Facebook says that it “respects people’s existing choices” on face recognition. If you had tag suggestions off, face recognition is turned off. If you had tag suggestions on or set to friend, face recognition is on.


However, Facebook confirmed that when tag suggestions were first rolled out, the template system was enabled by default—everyone was enrolled until they opted out. Thus, as Facebook rolls out the new features, many users will be automatically enrolled by virtue of simply never having changing their settings. If you have an older profile and you’ve never once changed your privacy settings, you’re enrolled in the new face recognition features until you opt out.

Turning off the setting deletes your template, thus removing you from both the tag suggestion and new face recognition processes entirely, according to the company. Facebook states that the new features aren’t available in Canada or Europe “where we don’t currently offer face recognition technology.”


What does Facebook see?

The specifics of opting out are important because, theoretically, Facebook has the power to recognize hundreds of millions of people in photos—even if we have no reason to expect them to do so. As my colleague Kashmir Hill wondered, what if you’re simply caught in the background of a photo by happenstance, would Facebook ID you? Or make some inference about you based on who you were with? Facebook denies it’s using face recognition this way, but we need to be cautious about their ability to biometrically identify and catalogue scores of people in an instant.


What doesn’t Facebook see?

Biometric data is extremely precious and more people are moving to protect it. As we mentioned earlier, Facebook is currently being sued for allegedly violating Illinois’ Biometric Information Privacy Act. The plaintiffs claim that Facebook’s widespread collection of face data violates BIPA. Facebook fired back, saying that while they do scan for face templates, this collection doesn’t actually harm anyone. Facebook tried to have the case dismissed on those grounds, but it’s still moving forward. Facebook could pay up to $5,000 for each violation.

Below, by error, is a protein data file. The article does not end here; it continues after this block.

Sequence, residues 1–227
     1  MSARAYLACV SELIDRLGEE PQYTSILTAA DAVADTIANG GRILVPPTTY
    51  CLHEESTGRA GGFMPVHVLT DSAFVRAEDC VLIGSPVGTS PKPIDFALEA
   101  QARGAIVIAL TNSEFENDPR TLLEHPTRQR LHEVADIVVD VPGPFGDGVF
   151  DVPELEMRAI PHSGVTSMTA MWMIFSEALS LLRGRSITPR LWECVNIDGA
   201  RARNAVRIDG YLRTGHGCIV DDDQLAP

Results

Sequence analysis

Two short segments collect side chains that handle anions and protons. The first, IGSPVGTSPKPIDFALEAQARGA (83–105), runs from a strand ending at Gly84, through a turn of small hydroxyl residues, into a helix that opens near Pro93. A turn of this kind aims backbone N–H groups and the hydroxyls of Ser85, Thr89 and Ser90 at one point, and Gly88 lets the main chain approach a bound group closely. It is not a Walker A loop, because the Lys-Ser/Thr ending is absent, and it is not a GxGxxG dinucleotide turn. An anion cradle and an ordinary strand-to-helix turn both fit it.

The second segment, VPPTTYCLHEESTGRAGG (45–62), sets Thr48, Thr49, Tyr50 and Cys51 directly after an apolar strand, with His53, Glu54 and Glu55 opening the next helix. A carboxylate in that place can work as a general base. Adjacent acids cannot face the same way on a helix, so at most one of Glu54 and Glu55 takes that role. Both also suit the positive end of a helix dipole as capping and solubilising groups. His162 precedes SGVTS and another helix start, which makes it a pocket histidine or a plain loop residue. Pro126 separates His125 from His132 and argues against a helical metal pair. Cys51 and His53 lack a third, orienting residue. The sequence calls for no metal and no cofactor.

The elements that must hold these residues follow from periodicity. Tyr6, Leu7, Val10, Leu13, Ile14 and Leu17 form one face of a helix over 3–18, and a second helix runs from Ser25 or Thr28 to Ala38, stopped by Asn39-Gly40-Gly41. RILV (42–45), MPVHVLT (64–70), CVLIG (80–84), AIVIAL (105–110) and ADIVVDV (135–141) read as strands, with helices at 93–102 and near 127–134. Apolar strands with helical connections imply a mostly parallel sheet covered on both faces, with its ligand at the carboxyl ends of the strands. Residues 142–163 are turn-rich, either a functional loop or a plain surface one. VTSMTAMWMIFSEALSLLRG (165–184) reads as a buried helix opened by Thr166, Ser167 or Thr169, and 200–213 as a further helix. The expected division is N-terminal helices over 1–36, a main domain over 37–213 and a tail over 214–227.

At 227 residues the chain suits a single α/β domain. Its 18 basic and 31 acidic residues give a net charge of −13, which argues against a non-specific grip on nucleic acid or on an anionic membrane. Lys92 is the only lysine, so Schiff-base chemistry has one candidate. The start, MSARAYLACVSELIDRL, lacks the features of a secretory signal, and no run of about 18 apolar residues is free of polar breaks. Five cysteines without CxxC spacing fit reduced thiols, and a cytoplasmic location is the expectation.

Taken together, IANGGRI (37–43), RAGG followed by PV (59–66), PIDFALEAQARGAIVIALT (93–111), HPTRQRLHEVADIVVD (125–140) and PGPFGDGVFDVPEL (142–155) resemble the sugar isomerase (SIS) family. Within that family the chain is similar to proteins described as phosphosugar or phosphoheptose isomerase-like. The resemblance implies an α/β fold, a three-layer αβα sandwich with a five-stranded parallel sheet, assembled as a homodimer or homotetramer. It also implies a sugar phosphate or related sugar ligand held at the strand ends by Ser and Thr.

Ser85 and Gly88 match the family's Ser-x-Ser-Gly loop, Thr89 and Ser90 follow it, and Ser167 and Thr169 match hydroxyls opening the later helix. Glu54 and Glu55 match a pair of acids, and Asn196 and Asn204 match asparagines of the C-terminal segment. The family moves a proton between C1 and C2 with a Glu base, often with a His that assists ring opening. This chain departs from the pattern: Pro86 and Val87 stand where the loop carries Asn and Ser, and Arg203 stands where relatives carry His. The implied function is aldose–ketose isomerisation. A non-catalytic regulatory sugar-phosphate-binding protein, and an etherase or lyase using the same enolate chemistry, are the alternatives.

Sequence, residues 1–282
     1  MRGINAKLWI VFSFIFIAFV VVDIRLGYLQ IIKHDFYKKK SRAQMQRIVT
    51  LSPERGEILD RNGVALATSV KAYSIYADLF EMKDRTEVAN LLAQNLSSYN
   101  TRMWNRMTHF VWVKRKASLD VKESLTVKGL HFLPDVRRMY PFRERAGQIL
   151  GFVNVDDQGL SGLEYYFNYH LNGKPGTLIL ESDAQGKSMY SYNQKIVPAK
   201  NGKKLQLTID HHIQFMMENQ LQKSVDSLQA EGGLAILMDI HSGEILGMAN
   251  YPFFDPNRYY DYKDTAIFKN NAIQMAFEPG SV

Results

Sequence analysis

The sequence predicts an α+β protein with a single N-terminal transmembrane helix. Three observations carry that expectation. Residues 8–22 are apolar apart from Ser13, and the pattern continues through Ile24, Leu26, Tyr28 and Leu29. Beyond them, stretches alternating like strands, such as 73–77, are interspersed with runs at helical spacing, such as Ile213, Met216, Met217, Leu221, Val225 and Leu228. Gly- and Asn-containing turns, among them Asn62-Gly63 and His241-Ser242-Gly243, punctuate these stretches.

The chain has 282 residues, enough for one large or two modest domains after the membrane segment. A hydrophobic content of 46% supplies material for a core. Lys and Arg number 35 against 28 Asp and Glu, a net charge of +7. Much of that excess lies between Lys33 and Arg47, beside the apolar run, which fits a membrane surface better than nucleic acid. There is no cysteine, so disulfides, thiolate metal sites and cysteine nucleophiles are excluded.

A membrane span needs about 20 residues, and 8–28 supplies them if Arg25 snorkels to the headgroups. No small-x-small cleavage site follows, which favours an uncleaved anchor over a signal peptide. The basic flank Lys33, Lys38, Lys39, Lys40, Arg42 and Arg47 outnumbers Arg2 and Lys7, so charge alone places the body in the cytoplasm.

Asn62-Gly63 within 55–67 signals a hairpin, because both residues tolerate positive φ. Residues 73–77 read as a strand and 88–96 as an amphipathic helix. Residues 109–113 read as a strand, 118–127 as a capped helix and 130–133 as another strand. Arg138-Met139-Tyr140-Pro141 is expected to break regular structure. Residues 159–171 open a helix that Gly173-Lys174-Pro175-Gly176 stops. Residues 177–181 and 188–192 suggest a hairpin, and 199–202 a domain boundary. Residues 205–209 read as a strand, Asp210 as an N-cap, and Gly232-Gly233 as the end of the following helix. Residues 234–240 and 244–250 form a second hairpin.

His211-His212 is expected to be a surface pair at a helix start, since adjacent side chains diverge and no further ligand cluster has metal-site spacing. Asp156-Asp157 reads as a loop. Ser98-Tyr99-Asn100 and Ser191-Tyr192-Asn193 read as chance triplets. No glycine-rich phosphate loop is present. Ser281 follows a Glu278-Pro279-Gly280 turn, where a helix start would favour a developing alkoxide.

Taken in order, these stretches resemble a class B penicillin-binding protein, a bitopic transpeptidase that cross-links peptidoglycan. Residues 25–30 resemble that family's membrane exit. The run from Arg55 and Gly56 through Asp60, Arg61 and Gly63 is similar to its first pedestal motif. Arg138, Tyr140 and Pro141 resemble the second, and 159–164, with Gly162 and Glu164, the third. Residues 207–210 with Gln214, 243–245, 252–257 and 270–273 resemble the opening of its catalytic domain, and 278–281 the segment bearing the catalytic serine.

Since Illinois passed BIPA in 2008, several other states have followed their lead, with similar laws now on the books in Texas and Washington. Those states, and countries with their own digital privacy laws, may be the only places in the world where users truly own their own faces.

Meanwhile, collection of face data by a wide array of technology companies rolls ever onward, with our faces being used for everything from identification at airports to customer reward points for free burgers. Perhaps the best summary of the high stakes involved comes from Adam Harvey, a counter-surveillance expert who spoke with Gizmodo last fall.


“When any information is co-opted for security purposes it becomes less secure to share,” Harvey said. “For example, sharing your mother’s maiden name online would not be a good idea. Likewise, Facebook’s proposed facial recognition product would make sharing your face online a security issue, even more so than it already is.”

Correction: An earlier version of this story incorrectly described the new face recognition features as solely opt-in. In reality, the features are enabled by default if a user previously had tag suggestions enabled. The story also incorrectly stated that Facebook can “automatically tag” users. In reality, it can automatically suggest tags. We regret the errors.